Although the equitable remedy of rescission dates back to the common law of Great Britain, it remains an effective tool for insurers. I look forward to presenting the topic of Rescission in the Modern Age: Overlooked Tool or Obsolete Relic? at the upcoming annual DRI Life, Health, Disability and ERISA Seminar.
The notion that both parties to an agreement must operate in good faith is a historical tenet of contract law. Further, insurance policies are considered to be contracts of utmost good faith. For this reason, and because parties to insurance contracts could be more vulnerable to misrepresentation or concealment of material fact than other contracting parties, rescission has been applied to insurance policies to allow an insurer to void a contract.
Today, state laws vary as to the requirements an insurance company must meet to employ the remedy of rescission to void an insurance contract. Some states merely require a material misrepresentation in the policy application to rescind the contract. In this context, a material misrepresentation generally occurs when the insured makes an untrue statement that would have changed the rate at which insurance would have been provided or which would have changed the insurer’s decision to issue the contract. Typically, the burden is on the insurer to show that there is a material misrepresentation. In these states, the insurer must simply show that it would not have issued the policy had it known the true facts that were misrepresented. At the other end of the spectrum, some states may require that intent to deceive be proven in order to rescind the contract. Additionally, some states have specific standards for rescission of life, health, and disability insurance policies that differ from other types of insurance. Finally, another wrinkle in the availability of rescission has been the Affordable Care Act. Under the ACA, rescission is illegal except in cases of fraud or intentional misrepresentation of material fact as prohibited by the terms of the plan or coverage. If a plan or health insurance issuer wants to rescind coverage, the ACA requires thirty days’ written notice and proof that an insured intentionally put false or incomplete information in his or her application.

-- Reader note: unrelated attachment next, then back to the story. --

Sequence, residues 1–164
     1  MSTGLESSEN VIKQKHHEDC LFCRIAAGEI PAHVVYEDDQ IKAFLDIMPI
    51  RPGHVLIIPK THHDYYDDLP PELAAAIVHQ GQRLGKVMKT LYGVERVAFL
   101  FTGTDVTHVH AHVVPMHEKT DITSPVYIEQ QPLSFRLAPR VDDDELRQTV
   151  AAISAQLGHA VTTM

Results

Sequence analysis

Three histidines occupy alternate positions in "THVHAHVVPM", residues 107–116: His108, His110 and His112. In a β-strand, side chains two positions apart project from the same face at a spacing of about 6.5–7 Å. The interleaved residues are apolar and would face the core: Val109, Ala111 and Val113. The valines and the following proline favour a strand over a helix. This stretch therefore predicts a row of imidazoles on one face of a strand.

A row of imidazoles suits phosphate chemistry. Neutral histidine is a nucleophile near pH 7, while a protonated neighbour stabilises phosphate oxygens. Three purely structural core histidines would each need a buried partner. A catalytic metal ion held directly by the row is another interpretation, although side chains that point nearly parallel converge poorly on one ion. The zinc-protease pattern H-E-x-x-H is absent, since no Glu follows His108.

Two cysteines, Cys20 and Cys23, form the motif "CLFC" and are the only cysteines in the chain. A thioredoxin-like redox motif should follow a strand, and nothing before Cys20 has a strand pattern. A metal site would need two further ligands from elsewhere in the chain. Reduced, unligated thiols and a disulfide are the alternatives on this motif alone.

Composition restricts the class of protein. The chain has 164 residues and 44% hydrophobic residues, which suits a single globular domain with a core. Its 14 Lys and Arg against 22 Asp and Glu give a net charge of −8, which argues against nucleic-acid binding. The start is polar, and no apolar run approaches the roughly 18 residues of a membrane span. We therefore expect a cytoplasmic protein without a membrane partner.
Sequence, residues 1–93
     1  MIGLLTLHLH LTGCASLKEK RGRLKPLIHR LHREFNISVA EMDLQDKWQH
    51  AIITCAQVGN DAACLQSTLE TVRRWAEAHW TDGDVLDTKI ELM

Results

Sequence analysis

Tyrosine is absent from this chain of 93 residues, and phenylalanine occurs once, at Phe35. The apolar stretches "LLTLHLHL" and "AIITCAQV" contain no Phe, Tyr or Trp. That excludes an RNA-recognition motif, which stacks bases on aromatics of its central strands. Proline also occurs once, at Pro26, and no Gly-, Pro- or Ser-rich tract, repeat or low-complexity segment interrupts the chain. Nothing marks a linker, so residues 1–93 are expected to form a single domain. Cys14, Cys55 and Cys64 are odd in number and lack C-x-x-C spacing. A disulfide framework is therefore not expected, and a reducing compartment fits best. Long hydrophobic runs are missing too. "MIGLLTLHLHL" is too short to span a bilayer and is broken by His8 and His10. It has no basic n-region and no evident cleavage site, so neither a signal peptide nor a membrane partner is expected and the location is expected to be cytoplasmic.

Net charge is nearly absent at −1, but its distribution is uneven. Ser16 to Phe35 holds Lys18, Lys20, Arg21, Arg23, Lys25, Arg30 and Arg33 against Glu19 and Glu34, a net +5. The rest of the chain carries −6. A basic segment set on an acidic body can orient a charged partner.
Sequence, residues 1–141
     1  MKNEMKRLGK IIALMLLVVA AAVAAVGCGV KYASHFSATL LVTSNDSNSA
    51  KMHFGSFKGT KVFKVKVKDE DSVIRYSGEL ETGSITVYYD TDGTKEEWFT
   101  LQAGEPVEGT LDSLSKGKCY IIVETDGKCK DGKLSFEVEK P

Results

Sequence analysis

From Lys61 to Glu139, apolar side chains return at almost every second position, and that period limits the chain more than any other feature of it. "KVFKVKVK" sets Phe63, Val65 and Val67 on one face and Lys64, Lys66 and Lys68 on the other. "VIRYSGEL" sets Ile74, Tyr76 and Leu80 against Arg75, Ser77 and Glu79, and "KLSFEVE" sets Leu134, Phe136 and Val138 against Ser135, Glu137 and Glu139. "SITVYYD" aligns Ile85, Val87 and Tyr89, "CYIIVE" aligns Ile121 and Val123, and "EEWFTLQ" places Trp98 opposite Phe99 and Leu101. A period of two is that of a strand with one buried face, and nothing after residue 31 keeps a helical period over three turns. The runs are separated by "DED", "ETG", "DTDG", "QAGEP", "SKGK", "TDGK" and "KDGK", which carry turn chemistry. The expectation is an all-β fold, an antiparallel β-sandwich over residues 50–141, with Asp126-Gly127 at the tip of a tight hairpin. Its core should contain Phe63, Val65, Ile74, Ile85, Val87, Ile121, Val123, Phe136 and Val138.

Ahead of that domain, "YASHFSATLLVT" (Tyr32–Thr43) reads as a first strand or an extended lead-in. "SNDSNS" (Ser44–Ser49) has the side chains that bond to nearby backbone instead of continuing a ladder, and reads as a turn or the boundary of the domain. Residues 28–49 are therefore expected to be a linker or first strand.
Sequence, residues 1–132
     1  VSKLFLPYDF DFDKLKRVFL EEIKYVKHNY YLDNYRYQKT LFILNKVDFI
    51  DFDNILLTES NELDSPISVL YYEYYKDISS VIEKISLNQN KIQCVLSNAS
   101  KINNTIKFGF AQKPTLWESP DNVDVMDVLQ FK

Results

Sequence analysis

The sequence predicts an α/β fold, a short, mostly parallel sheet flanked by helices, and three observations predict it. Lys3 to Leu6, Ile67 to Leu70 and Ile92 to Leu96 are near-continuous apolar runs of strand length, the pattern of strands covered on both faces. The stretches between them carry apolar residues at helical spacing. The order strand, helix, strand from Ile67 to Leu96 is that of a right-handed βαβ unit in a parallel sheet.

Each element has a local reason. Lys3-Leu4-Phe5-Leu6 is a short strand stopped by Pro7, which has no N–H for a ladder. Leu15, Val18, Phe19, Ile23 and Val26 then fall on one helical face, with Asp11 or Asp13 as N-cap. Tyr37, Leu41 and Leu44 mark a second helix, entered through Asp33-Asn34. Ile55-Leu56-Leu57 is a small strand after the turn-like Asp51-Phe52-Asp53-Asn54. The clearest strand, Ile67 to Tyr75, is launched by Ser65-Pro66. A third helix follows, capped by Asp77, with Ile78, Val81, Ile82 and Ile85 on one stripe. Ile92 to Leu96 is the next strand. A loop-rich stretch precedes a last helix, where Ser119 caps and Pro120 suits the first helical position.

In addition to the varying laws affecting an insurer’s access to rescission, we will cover incontestability clauses, arguments against rescission that an insurer is likely to encounter and relay some practical pointers on rescission.
As always, I look forward seeing you all in Chicago!